Since the border war with Ethiopia in the late 1990s, Eritrea’s President Isaias Afewerki and the ruling People’s Front for Democracy and Justice (PFDJ) have used indefinite national service to control the Eritrean population. Human Rights Watch research finds that many Eritreans have spent their entire working lives at the service of the government in either a military or civilian capacity. This indefinite national service has had a visible and lasting impact on the rights, freedom, and lives of Eritreans.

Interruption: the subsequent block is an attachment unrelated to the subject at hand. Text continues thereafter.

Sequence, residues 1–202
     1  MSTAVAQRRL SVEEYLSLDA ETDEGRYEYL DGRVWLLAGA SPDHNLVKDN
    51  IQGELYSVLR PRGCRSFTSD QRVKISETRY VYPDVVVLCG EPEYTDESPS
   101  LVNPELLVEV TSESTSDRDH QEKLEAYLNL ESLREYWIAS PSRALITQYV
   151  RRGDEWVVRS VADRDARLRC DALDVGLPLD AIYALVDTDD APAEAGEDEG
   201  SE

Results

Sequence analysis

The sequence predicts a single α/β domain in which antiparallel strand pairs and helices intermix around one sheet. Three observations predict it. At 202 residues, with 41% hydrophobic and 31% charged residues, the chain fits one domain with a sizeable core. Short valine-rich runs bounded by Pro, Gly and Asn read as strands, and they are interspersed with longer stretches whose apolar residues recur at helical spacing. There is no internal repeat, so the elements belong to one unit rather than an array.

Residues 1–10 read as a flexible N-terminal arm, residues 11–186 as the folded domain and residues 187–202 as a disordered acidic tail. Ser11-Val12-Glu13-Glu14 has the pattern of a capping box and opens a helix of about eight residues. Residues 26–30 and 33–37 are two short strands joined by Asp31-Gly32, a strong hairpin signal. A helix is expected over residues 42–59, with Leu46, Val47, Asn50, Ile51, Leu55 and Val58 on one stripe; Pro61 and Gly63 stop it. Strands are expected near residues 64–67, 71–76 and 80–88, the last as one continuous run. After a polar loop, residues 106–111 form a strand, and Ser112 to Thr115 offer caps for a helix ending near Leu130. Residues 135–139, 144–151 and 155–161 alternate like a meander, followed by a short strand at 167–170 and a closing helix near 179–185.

Beginning in 2003, the Eritrean government has forced thousands of young people—male and female—each year to undergo military training before they completed secondary school, with many being conscripted directly from secondary school into national service. At the same time, instead of developing a pool of well-trained, committed, career secondary school teachers who voluntarily choose to teach, the government has relied on national service conscripts who have little to no say in their assignment and no end in sight to their conscription. Source